Whitner not measuring up to peers (buffalobills.com)
This past Monday, we took a look back at quarterbacks drafted over the past decade (1999-2008) in an effort to measure the value and possible potential of QB Trent Edwards. The verdict? Great value with room for improvement. It was an interesting exercise that highlighted just how many bad picks there have been at the quarterback position over the past ten years - and Edwards wasn't one of them.
Once that project was put together, I said "Hey, Brian, wouldn't it be interesting to compare Donte Whitner's performance to other first-round safeties over the past decade? It sure would, Brian. Shall we do it? Let's!" (At this point, I got scared, because I'd now joined Will Leitch and Mike Florio in the group of folks who refer to themselves in the multiple persons. But then, I was talking to myself, so maybe it works. At any rate, that's an elite group that I want no part of.)
So I ran the numbers. Let's just say that upon completion, that "interesting" term that ran through my head was replaced with more varied terms along the lines of "awful", "damning" and "unsurprising". How bland has Donte Whitner's play been? The numbers speak for themselves.
First thing's first
This post is not meant to be another launching point for the "Why didn't we draft Haloti Ngata in 2006?!" brigade, though it undoubtedly will be added to the already impressive stash of ammo the masses have been firing with for three years. Hindsight is 20/20 when it comes to the NFL Draft. As you'll see momentarily, there have been some elite and ridiculously productive safeties to come out of the draft in the past decade alone - so drafting a safety early in the draft isn't as dumb a move as many make it seem. But those same numbers, as I said, are damning when it comes to Whitner's production. It's production that I'm concerned with, not "coulda woulda shoulda", and I'll let the numbers prove Whitner's alarming lack of production.
Safeties trendy in recent years
It's important to note that this type of study is skewed, because for the longest time, safeties weren't regarded as first-round prospects - much like centers generally aren't these days. Over the past ten drafts, only 16 safeties have been taken in the first round. Half of those have been in the past three years alone.
Here's the list of 16 safeties drafted in the first round since 1999, with team drafting and overall selection noted as well:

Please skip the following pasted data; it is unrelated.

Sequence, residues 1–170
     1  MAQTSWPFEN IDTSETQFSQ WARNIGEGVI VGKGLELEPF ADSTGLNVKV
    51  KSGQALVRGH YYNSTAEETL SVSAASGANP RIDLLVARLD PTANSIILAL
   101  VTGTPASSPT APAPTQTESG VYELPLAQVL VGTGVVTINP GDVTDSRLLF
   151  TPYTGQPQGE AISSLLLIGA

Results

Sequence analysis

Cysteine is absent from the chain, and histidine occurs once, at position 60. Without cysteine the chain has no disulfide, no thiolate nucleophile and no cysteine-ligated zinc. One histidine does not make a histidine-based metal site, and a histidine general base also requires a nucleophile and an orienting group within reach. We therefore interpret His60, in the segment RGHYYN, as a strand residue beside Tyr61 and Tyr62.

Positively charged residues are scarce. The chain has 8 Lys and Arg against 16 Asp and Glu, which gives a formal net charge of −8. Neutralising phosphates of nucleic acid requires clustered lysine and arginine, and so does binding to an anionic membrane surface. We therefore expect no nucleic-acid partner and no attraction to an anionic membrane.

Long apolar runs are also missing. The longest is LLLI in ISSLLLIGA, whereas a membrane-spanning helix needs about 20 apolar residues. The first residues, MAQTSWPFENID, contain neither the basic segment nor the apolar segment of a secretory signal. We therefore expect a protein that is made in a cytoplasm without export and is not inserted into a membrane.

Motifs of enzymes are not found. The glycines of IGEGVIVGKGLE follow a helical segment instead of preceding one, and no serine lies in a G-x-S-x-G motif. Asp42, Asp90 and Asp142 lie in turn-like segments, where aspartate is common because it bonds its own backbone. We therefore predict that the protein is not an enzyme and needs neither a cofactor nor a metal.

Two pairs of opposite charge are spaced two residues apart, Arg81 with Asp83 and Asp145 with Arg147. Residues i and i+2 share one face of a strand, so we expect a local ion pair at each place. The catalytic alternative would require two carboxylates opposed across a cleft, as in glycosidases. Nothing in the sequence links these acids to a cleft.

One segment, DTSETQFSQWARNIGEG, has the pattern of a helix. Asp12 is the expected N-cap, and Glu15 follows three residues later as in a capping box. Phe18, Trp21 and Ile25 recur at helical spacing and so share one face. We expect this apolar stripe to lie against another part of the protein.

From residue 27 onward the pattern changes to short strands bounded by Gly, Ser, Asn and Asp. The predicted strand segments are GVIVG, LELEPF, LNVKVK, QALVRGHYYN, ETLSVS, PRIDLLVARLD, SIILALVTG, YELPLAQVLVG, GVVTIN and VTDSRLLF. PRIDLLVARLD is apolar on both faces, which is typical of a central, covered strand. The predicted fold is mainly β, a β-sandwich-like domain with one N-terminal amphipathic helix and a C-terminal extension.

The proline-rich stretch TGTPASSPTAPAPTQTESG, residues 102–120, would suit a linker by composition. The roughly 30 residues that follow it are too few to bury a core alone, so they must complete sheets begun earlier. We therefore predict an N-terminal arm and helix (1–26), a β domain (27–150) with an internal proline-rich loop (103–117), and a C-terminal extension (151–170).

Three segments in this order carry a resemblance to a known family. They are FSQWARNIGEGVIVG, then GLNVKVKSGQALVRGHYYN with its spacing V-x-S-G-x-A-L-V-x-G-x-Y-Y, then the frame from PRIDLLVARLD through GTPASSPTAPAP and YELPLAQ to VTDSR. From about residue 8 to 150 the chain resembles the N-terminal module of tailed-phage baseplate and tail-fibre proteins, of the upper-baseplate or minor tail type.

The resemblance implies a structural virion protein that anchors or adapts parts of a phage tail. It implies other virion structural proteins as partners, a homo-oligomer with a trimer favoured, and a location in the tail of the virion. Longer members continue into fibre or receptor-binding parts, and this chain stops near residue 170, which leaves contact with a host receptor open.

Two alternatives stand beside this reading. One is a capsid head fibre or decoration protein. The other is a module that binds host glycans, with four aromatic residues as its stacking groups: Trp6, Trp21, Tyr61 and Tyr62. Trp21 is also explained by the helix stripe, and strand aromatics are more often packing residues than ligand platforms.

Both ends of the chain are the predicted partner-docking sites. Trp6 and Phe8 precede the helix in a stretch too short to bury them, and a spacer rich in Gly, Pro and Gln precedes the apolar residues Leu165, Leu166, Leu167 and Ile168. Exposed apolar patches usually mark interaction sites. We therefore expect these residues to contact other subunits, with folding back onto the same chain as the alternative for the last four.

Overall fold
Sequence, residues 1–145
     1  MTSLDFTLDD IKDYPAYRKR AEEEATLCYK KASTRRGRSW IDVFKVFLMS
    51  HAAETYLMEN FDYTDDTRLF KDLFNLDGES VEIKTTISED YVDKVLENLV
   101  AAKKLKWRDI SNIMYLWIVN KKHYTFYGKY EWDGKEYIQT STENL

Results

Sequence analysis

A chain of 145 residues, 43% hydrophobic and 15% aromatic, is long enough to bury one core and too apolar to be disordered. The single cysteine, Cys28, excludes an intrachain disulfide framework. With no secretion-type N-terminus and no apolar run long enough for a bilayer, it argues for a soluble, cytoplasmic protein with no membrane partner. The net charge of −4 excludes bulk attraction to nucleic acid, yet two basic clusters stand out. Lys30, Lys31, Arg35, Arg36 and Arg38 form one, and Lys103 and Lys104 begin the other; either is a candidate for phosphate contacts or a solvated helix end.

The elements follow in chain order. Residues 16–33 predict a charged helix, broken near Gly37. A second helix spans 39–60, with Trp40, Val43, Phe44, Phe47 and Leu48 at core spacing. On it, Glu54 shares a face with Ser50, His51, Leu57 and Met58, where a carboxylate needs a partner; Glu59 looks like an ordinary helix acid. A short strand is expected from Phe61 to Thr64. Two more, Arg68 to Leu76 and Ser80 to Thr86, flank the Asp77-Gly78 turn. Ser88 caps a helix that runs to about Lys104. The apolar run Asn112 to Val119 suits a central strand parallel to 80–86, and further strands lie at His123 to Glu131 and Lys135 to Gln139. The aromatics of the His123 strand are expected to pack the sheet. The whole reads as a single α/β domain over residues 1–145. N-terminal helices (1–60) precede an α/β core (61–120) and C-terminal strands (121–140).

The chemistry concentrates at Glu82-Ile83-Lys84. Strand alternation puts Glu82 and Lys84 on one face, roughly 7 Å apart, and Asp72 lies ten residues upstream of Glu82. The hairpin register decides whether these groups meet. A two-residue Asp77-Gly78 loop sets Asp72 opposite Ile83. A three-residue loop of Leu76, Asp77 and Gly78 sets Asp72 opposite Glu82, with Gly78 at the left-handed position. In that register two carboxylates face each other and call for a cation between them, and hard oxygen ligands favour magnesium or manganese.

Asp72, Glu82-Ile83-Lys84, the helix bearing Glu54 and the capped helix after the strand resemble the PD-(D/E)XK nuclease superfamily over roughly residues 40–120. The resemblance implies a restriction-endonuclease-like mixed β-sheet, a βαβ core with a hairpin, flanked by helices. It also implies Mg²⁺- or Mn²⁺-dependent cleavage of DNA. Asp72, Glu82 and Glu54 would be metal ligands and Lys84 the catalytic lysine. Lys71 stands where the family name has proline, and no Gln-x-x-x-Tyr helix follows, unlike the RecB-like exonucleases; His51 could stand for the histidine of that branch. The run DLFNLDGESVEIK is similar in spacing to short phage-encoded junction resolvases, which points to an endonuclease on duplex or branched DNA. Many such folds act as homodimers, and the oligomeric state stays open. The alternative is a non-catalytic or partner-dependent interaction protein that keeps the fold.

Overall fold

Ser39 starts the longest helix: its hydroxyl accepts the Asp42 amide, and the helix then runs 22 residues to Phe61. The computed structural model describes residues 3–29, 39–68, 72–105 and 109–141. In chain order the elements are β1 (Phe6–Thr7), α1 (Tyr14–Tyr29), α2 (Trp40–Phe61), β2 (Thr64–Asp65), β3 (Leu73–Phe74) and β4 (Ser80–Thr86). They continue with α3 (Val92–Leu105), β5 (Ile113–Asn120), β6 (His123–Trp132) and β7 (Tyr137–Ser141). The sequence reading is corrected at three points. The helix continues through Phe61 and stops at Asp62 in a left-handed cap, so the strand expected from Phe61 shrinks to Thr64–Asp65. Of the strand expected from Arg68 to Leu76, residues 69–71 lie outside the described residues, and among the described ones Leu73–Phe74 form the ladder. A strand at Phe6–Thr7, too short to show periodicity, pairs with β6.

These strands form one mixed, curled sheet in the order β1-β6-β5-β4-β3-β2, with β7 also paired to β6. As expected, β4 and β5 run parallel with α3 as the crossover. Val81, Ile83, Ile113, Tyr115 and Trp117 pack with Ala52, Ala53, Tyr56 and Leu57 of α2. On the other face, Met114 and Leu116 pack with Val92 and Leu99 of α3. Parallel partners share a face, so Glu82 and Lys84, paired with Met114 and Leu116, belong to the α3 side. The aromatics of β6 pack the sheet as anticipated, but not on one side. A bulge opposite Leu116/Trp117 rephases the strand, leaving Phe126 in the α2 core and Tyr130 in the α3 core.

2000: Rashard Anderson, CAR (23)
2001: Adam Archuleta, STL (20); Derrick Gibson, OAK (28)
2002: Roy L. Williams, DAL (8); Ed Reed, BAL (24)
2003: Troy Polamalu, PIT (16)
2004: Sean Taylor, WAS (5)
2005: no safeties drafted in Round 1
2006: Michael Huff, OAK (7); Donte Whitner, BUF (8); Jason Allen, MIA (16)
2007: LaRon Landry, WAS (6); Michael Griffin, TEN (19); Reggie Nelson, JAX (21); Brandon Meriweather, NE (24)
2008: Kenny Phillips, NYG (31)
And, without further ado, here are those damning numbers. Players are ranked by big plays; essentially, I added up interceptions, fumble recoveries and touchdowns, then ranked by that total. Seemed fairest to me in terms of measuring true impact. The results...
|E. Reed, BAL (2002)||48 (47)||234||21||4||3|
|R. Williams, DAL (2002)||48 (48)||267||9||4||2|
|M. Griffin, TEN (2007)||31 (25)||121||10||1||1|
|T. Polamalu, PIT (2003)||48 (32)||227||7||2||2|
|S. Taylor, WAS (2004)||46 (44)||264||7||1||1|
|A. Edwards, GB (1999)||31 (4)||57||6||1||1|
|R. Nelson, JAX (2007)||29 (28)||114||7||0||0|
|A. Archuleta, STL (2001)||42 (41)||251||2||3||1|
|J. Allen, MIA (2006)||45 (22)||104||5||1||0|
|L. Landry, WAS (2007)||32 (32)||160||2||3||0|
|R. Anderson, CAR (2000)||27 (9)||59||1||3||1|
|B. Meriweather, NE (2007)||32 (10)||106||4||0||0|
|D. Gibson, OAK (2001)||47 (25)||144||3||1||0|
|D. Whitner, BUF (2006)||43 (42)||255||2||0||0|
|M. Huff, OAK (2006)||44 (32)||187||1||1||0|
|K. Phillips, NYG (2008)||16 (0)||62||1||0||0|
Lovely, right? Whitner ranks #14 of the 16 safeties drafted over the past ten years. One of the guys behind him is Kenny Phillips, who is just coming off of a rookie year in New York in which he didn't register his first career start - yet he still has half as many interceptions as Whitner has recorded in three years.
Look, I knew it was bad. I knew that Whitner's impact had been miniscule through his first three seasons. But as prepared as I was for the awfulness of this exercise, I was not prepared to call Whitner the second-worst safety drafted in the first round over the past decade. (Phillips deserves a pass, as he'll be fine now that he's a full-time starter for the Giants.) Whitner only avoids being the worst because the guy drafted immediately before him, Oakland's Michael Huff, has been slightly worse. No-names like Rashard Anderson - who spent a whopping two years in the NFL - made more plays than Whitner. This is quite easily the most vomit-inducing exercise I've done in the 21 months I've spent here at Buffalo Rumblings.
It's time to set aside the "leadership", "character" and "potential" terms when talking about Whitner. I don't care that only two safeties (Williams and the late Taylor) had more tackles over their first three years than Whitner. Any average safety that gets significant playing time, particularly in a Cover 2-based defense, can rack up tackles. I suppose that there is still potential for Whitner to get better. But when you consider the fact that only three safeties - Taylor, Landry and Huff - were drafted higher in the pecking order than Whitner, his lack of impact hits its most overwhelming level. Think we don't need to pursue a play-making safety? Think again, folks.